You are on page 1of 3

934 F.

2d 318
Unpublished Disposition

NOTICE: Fourth Circuit I.O.P. 36.6 states that citation of

unpublished dispositions is disfavored except for establishing
res judicata, estoppel, or the law of the case and requires
service of copies of cited unpublished dispositions of the Fourth
Terrance Aurthur BROOKS, Petitioner-Appellant,
Edward W. MURRAY, Director of Virginia Department of
Corrections, Respondent-Appellee.
No. 91-7035.

United States Court of Appeals, Fourth Circuit.

Submitted May 6, 1991.
Decided May 29, 1991.

Appeal from the United States District Court for the Western District of
Virginia, at Roanoke. Jackson L. Kiser, District Judge. (CA-90-630-R)
Terrance Aurthur Brooks, appellant pro se.
Leah Ann Darron, Assistant Attorney General, Richmond, Va., for

Terrance Brooks seeks to appeal the district court's order denying him relief on
his habeas corpus petition brought pursuant to 28 U.S.C. Sec. 2254 and the

district court's order denying his motion for reconsideration of that order. He
claimed that the Virginia Department of Corrections arbitrarily denied him
advancement in his good-conduct-time earning level partially because the
department relied on an expunged prison charge. We dismiss the appeal.

The district court entered its final order denying habeas relief on December 19,
1990. Brooks served his motion for reconsideration on January 5, 1991, and it
was filed two days later. The district court denied Brooks's motion for
reconsideration on January 22, 1991. Brooks filed a notice of appeal of both the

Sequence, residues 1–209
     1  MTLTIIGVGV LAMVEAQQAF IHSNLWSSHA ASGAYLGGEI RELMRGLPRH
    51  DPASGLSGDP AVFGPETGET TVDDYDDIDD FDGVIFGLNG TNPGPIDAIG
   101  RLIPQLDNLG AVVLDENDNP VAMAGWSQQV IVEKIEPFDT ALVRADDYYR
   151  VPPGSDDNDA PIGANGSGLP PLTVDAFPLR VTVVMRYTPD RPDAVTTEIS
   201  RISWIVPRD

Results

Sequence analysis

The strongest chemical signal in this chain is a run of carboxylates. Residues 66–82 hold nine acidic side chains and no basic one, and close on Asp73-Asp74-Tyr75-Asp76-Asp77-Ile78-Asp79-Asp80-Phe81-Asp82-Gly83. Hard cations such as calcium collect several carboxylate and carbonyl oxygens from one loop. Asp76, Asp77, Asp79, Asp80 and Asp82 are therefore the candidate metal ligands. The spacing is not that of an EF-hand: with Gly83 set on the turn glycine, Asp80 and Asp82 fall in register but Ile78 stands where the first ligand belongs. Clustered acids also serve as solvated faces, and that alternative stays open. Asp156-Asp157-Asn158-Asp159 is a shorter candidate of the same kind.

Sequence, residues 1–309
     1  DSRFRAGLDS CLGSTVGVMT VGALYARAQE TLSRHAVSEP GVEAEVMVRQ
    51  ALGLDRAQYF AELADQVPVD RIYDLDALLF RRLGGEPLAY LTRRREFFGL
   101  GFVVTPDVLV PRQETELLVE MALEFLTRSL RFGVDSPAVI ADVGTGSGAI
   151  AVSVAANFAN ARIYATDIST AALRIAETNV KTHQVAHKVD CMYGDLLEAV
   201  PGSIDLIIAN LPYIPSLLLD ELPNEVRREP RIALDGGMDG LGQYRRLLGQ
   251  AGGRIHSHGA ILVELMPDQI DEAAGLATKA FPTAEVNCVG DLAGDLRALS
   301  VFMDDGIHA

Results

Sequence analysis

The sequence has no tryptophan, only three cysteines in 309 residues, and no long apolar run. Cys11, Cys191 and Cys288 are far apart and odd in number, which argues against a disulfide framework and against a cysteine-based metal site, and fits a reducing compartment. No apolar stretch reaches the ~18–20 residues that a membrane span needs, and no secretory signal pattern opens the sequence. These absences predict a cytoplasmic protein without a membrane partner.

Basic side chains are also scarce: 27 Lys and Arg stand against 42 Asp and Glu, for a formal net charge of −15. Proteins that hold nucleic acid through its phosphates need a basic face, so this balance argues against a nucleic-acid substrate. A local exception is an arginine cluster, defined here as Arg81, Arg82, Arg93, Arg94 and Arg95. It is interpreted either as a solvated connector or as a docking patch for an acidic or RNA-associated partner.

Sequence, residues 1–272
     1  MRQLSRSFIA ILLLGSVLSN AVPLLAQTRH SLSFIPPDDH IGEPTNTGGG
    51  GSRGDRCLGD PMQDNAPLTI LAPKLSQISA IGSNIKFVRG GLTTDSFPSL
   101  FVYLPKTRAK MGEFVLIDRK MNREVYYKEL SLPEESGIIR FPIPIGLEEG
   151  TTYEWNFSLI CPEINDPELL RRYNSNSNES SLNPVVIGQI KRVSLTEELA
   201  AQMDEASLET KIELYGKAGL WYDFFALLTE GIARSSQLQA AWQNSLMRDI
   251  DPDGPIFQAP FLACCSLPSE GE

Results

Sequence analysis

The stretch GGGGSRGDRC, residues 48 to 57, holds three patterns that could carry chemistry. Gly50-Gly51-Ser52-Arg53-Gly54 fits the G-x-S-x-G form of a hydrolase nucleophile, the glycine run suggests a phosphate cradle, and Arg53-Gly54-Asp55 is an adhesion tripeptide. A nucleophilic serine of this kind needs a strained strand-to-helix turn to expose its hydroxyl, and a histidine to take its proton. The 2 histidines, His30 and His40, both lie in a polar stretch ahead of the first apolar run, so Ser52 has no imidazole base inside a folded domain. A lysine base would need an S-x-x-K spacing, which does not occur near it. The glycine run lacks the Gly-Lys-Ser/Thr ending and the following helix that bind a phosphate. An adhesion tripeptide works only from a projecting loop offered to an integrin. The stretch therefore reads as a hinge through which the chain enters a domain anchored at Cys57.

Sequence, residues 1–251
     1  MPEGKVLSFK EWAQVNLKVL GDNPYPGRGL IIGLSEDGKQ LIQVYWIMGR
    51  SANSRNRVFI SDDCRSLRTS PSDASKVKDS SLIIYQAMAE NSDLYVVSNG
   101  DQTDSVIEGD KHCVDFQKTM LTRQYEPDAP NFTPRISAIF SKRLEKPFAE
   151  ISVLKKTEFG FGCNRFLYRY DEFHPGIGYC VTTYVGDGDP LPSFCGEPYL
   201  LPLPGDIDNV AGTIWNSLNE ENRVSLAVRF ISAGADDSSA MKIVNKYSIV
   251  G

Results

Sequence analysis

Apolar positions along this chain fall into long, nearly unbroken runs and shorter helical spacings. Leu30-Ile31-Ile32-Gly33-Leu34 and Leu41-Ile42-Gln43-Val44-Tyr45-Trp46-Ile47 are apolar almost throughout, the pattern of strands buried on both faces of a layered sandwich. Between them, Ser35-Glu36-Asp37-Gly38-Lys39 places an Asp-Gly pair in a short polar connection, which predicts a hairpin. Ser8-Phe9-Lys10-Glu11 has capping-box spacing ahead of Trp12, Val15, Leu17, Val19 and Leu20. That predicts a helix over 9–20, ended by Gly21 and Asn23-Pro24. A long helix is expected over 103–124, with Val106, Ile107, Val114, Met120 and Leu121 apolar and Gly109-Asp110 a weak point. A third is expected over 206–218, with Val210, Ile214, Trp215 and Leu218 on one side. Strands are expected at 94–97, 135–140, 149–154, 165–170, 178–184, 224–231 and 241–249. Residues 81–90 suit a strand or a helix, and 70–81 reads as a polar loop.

district court's orders on February 1, 1991, and the certificate of service was
dated January 31, 1991.

The district court has no discretion to extend the 10-day filing deadline for
Fed.R.Civ.P. 59 motions. Smith v. Evans, 853 F.2d 155, 157 (3d Cir.1988);
Fed.R.Civ.P. 6(b). Brooks's 10-day period expired on January 4, 1991, one day
prior to Brooks's service of his motion. See Fed.R.Civ.P. 6(a) (excluding
Saturdays, Sundays and legal holidays). Brooks's motion should, therefore, be
considered as a Rule 60(b) motion. See Dove v. CODESCO, 569 F.2d 807, 809
(4th Cir.1978). Rule 60 motions do not toll the 30-day appeal filing limitation
however. Id. Therefore, Brooks's appeal from the December 19, 1990, final
order denying habeas relief was not timely noted and this court does not have
jurisdiction to consider that appeal. Browder v. Director, Illinois Dep't of
Corrections, 434 U.S. 257, 264-65 (1978). Even if we were to consider the
district court's order as granting Brooks an extension of the appeal period, we
would find that the district court properly denied relief on the merits.

Brooks's appeal was noted within 30 days of the denial of his motion for
reconsideration. Therefore, we do have jurisdiction to consider that appeal.
However, the district court's denial of a Rule 60(b) motion can only be reversed
upon a finding of abuse of discretion. United States v. Williams, 674 F.2d 310,
312 (4th Cir.1982). Having reviewed the record, we find that the district court
did not abuse its discretion in denying Brooks's motion.

For the foregoing reasons, we deny a certificate of probable cause to appeal and
dismiss as untimely that portion of the appeal seeking a review of the district
court's denial of habeas relief. We also dismiss the portion of the appeal
seeking a review of the district court's denial of Brooks's motion for
reconsideration. We dispense with oral argument because the facts and legal
contentions are adequately presented in the materials before the Court and
argument would not aid the decisional process.